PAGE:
Lum and Abner Come to Film
From 1931 to 1954, Lum and Abner occupied a spot among the most popular shows during the Old Time Radio era. Chester Lauck and Norris Goff attended the University of Arkansas together. Lauck and Goff later developed their show Lum and Abner based on life in Arkansas. The show struck a cord with many listeners.
My wife’s grandmother once told me that her dad told the kids not to run down the batteries in his radio because he wanted to listen to the 15 minute daily show when he got home from work. In the mid-1940s, Lum and Abner became a 30 minute show.
Lum and Abner followed the adventures of Lum Edwards and Abner Peabody, the proprietors of the Jot ‘ Em Down Store. If Lum and Abner were out, which happened frequently, town people took what they needed and “jotted it down” on a pad supplied for the purpose. The stars and supporting characters were definitely stereotyped but the show was both clean and fun.
In 1940, RKO Pictures attempted to capitalize on the popularity of the show by producing a film based on the show. Lauck and Goff played Lum and Abner respectively. Dreaming Out Loud was released on September 30, 1940. The film must have been a success because RKO filmed five more films.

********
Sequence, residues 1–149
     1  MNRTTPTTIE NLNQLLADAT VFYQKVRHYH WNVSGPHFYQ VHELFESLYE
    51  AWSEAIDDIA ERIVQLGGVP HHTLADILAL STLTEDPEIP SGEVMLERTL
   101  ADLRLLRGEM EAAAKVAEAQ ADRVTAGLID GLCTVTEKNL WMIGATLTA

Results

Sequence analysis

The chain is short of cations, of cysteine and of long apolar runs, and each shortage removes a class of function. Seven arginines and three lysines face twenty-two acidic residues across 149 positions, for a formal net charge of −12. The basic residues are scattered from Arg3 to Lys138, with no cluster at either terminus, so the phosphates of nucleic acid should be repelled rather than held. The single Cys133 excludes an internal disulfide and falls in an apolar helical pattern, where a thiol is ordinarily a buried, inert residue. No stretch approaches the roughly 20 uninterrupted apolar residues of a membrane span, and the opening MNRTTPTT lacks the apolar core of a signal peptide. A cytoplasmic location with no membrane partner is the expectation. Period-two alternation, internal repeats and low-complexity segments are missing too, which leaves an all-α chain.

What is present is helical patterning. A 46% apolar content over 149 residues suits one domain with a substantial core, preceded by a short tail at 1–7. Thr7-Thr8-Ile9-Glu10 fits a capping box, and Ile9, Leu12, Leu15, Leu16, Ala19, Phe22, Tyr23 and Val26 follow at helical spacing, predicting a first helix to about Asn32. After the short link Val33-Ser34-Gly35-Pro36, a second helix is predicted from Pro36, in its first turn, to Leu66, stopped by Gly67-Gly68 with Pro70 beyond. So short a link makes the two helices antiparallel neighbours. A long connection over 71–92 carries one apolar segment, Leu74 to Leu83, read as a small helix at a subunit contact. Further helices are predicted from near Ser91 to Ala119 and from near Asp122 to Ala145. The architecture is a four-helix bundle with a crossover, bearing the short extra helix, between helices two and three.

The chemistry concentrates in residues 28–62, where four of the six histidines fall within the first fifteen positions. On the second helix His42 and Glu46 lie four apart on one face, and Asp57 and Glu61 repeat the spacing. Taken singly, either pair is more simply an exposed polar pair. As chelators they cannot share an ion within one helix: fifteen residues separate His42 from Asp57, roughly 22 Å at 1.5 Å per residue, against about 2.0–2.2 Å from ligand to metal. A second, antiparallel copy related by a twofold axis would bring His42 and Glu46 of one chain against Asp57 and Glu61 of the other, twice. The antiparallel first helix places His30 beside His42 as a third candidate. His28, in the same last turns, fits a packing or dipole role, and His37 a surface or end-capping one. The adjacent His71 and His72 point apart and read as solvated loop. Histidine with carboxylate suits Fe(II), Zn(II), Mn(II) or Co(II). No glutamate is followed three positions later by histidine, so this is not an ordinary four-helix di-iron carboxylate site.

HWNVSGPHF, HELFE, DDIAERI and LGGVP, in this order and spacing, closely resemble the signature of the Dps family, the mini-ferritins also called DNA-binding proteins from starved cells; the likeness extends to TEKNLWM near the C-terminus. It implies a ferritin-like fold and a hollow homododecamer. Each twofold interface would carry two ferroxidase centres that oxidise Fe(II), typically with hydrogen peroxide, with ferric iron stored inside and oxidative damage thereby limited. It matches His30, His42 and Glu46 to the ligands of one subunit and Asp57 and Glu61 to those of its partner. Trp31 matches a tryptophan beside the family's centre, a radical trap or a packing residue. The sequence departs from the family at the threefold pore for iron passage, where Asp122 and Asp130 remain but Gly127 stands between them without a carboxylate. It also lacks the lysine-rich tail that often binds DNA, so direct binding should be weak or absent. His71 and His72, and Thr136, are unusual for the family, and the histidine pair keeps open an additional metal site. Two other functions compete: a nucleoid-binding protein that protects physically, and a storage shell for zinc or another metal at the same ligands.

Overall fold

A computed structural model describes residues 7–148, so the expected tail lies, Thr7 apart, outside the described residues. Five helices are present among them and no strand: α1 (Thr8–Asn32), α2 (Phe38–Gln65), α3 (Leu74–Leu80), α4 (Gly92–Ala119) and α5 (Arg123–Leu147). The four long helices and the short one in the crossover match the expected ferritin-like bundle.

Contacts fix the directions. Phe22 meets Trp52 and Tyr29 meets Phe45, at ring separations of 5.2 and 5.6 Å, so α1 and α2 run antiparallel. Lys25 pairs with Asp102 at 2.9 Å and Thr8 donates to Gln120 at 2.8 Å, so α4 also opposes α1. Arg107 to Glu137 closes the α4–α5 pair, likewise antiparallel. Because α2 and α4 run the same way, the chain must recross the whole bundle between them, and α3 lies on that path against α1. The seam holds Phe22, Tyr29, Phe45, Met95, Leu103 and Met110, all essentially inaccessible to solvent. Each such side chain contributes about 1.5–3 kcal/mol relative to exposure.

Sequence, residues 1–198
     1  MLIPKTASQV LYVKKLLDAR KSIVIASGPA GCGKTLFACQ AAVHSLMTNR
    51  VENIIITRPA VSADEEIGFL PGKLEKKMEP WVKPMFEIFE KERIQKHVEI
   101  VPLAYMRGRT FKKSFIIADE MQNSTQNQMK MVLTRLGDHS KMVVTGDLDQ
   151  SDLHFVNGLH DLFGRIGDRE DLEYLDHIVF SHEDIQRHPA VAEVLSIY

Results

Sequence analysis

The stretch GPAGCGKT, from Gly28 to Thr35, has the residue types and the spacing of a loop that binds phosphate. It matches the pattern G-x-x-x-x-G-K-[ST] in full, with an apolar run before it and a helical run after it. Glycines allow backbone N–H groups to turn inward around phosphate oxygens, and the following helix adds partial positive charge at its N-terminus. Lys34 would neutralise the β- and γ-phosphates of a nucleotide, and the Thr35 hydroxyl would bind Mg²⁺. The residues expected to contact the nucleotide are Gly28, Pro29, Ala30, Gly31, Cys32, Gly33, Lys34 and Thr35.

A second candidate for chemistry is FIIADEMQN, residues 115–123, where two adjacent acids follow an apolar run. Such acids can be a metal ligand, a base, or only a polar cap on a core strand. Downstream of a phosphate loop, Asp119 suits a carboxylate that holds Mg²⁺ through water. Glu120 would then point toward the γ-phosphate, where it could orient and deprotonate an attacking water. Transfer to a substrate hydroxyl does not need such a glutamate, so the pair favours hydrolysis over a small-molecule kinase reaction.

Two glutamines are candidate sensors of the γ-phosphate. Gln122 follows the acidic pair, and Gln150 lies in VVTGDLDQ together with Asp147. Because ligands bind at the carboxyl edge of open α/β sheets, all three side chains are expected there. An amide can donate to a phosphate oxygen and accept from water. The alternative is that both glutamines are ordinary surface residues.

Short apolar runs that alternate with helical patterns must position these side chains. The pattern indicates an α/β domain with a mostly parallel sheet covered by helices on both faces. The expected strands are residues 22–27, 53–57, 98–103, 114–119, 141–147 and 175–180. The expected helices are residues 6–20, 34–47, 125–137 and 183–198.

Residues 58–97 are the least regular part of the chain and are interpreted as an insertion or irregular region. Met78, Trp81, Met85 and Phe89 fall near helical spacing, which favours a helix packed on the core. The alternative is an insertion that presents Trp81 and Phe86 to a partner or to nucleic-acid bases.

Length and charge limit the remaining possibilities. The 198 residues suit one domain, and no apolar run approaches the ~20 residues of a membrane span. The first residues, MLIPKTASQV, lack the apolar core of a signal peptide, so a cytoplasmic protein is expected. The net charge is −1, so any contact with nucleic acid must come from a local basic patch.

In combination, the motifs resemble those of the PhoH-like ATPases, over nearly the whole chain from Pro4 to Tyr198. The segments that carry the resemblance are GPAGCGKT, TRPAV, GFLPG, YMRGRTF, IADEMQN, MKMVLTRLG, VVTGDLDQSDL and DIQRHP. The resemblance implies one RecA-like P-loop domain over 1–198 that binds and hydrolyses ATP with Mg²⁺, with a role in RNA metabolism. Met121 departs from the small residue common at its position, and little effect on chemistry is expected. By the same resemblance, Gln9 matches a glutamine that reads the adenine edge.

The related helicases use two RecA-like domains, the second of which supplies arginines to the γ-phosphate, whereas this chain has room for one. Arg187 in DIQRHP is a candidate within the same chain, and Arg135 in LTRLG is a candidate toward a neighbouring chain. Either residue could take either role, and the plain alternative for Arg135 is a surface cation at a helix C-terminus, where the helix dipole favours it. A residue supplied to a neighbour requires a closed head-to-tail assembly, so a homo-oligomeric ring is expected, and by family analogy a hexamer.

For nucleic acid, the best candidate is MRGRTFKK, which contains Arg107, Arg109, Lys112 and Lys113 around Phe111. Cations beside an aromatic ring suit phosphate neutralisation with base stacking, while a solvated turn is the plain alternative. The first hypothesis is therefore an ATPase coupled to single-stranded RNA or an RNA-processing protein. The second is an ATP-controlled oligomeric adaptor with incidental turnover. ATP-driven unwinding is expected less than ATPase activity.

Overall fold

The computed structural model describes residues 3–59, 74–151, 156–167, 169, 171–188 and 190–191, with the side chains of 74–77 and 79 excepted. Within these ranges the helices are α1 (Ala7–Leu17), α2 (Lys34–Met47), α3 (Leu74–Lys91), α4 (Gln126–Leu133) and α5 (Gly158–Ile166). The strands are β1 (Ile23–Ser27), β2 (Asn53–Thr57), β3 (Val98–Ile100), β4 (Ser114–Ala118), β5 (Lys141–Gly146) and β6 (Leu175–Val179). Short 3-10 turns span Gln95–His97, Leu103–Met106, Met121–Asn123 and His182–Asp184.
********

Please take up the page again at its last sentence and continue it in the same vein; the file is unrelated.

Four of the films are available in the Public Domain. The Bashful Bachelor (1942), So This is Washington (1943) and Two Weeks to Live (1943) are also available on YouTube. The other two films may be lost.
Dreaming Out Loud runs 80 minutes and is not a typical “B” film. It is more of a hybrid, which would be shown first on a double bill but could be a feature film at some theaters. You can watch it for free on by clicking here.Pin It